The Front Yard

No comments »

Hmmm, my cottage seems to be falling down around my ears. My clothes dryer is screeching, the dishwasher door won’t latch (wash dishes by hand? Oh the humanity!), the Amazon Fire TV doesn’t work, and the gas fireplace has been on the fritz for months.

And besides that, all my light bulbs seem to be burning out. My BFF “G” always replaces my burned-out bulbs when she visits. I call her (cue dramatic music) “The Bringer of Light”.

See, I have a little bit of a fear of heights. Well, actually, it’s a fear of depths. It’s not the fall, it’s the landing on the hard surface below that scares me.

So what did I do last weekend? I worked in the front garden. I weeded around Rocky 2, my maple tree. Then I put mulch in the bare spots. I looked at Rocky’s leaves and found them full of little red blisters. Uh oh, that can’t be good.

The Google says they’re the tree’s natural defense against mites. There’s no spray or anything to kill the mites, and they don’t do permanent damage. You just have to keep the tree healthy and well-hydrated so it can fight them off by itself.

Oh, hydrating the tree is kind of a problem. I’m really bad at hydrating.

I have a water spigot on the front of the house and one on the back. The valves that control the water flow have to be shut off every winter, to keep the pipes from freezing. Then the valves have to be turned on in the spring.

The problem is that the valves are in the very crowded utility closet. They’re near the floor, between the water heater and the furnace, and behind the water softener. I use a long pipe to reach in and turn on the valve for the back spigot. But for the last few years, I haven’t been able to find the valve for the front spigot.

Utility closet

It seems to have totally disappeared. I just don’t understand how that happens. After turning both valves on and off every year for ten years, how does one just disappear?

So I linked three heavy, dirty hoses together and ran them from the back yard to the front yard. I soaked the ground around Rocky’s feet for a good hour. Then I coiled all three hoses back up and put them away.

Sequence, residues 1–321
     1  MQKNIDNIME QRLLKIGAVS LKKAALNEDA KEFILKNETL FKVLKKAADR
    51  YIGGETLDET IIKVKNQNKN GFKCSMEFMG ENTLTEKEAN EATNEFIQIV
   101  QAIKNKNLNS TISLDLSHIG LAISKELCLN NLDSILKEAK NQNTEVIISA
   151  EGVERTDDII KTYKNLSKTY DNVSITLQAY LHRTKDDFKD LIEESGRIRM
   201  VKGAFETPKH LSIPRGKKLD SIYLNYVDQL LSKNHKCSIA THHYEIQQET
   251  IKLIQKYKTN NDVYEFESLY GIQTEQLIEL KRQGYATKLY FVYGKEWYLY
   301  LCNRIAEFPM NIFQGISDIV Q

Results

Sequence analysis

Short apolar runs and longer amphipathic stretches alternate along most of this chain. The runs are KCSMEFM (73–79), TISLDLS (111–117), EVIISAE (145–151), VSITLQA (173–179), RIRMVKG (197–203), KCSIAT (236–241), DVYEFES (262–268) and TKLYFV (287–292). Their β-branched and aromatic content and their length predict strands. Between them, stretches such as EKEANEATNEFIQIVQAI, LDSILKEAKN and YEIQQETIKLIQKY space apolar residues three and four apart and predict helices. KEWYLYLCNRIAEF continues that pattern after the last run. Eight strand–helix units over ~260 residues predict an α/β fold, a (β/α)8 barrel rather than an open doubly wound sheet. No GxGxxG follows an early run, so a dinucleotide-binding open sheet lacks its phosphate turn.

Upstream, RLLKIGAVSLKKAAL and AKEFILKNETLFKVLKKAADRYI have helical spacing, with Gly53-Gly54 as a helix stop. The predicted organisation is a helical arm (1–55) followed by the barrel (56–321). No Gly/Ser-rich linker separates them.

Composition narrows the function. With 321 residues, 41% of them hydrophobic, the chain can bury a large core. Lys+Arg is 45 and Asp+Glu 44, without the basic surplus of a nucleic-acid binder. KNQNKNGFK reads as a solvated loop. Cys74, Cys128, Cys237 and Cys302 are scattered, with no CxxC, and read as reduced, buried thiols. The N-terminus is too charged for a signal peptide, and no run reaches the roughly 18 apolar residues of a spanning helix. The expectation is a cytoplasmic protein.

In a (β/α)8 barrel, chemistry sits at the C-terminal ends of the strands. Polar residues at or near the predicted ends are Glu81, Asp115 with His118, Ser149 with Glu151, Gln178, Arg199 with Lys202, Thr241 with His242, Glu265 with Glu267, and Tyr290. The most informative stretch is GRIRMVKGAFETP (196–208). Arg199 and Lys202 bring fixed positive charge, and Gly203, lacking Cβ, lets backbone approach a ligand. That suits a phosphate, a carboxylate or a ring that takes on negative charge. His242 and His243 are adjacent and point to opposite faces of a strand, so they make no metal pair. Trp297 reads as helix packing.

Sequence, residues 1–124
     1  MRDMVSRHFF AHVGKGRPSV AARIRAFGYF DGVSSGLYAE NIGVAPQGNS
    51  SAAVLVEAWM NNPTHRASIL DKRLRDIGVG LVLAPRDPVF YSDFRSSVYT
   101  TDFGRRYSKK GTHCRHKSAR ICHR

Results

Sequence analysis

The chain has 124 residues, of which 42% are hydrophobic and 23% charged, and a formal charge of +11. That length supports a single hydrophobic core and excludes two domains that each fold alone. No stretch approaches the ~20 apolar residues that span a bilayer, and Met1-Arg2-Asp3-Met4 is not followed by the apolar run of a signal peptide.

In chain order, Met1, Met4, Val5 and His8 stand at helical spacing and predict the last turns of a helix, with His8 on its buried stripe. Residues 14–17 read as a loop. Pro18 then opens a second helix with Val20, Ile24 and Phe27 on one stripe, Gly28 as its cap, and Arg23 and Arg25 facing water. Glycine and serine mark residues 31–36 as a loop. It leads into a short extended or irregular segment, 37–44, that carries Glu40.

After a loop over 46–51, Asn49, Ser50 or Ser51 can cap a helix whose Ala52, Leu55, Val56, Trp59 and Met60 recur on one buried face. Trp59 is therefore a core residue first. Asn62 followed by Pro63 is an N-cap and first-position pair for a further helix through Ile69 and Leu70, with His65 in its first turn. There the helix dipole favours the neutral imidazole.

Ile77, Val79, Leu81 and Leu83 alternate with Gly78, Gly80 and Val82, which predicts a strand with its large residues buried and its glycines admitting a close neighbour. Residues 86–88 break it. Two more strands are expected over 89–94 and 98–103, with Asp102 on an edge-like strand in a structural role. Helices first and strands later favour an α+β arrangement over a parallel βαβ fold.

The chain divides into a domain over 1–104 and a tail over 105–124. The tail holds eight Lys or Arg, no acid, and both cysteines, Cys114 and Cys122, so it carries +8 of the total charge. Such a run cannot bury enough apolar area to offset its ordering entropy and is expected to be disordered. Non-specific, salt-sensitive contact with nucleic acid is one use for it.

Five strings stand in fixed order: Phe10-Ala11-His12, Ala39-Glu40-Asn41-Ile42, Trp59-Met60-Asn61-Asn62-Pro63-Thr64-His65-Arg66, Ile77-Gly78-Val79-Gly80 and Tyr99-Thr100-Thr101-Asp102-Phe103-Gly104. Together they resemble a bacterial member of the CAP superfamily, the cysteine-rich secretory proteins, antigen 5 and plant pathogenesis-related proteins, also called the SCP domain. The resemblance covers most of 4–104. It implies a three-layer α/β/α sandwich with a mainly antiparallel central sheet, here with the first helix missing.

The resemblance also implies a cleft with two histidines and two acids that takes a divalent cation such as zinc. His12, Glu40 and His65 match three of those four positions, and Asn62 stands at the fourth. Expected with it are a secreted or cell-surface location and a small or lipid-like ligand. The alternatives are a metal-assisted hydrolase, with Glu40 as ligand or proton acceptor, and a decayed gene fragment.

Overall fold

And then… it rained.

Stay tuned…

p.s. OH MY GODDESS! The second valve is behind the big copper pipe, by the yellow tag, isn’t it? I’ll have water at the front now!

Damn, it’s nasty in there.

Utility Closet Close-up

 

 

 

 

 

 

How To Assemble End Tables

No comments »

I bought two end tables and a coffee table from Craig’s List. The coffee table fit in the back seat of the car, but I had to disassemble the end tables to fit them into my trunk.

I painted the coffee table and have been using it in my living room. I tossed the pieces of the end tables into a corner of the garage, where they sat gathering dust for years.

With No.2 Sis trying to furnish a new house, I thought I’d put the end tables back together and see if she could use them.

HOW TO ASSEMBLE END TABLES:

1. Sort through “wood pile” to find all end table pieces.

wood pile

2. Spread pieces out on garage floor.

3. Look for hardware. Unsuccessfully.

4. Park Gypsy Blue (car) on driveway for the next couple of months while you procrastinate going to the hardware store.

5. Put top of end table and one leg in car.

6. Go to hardware store. Carry in table top and leg and announce loudly, “I need a screw.”

7. Have nice employee figure out size of screws required. Buy screws.

8. Go home and start assembling legs to table top, while holding 4 cross bars in place. Put on helmet to protect you from spinning, falling cross bars (optional).

9. Use crescent wrench to tighten hex head screws. When the hex head screws are too deep in their recessed holes, switch to box wrench.

10. When box wrench will no longer work, look for the socket wrench set you bought when you were ovulating. You always think you’re Superwoman when you’re ovulating.

11. Make sure socket wrench set is right-side up before opening. Oops.

end table, in progress

12. Finish tightening the screws.

13. Note that the cross bars are still spinning. They will require another type of screw.

14. You don’t want to return to the hardware store after the “I need a screw” episode. Search your large bin of assorted hardware (also bought while ovulating) to see if there’s anything that will work.

15. Yay! You have screws that will work. Screw down the cross bars.

16. Set table upright and add glass insert.

17. Ta-dah! You did it!

 

Assembled end table, and coffee table in use.

Assembled end table, and coffee table in use.

Stay tuned…

p.s. I shared this at Chic on a Shoestring.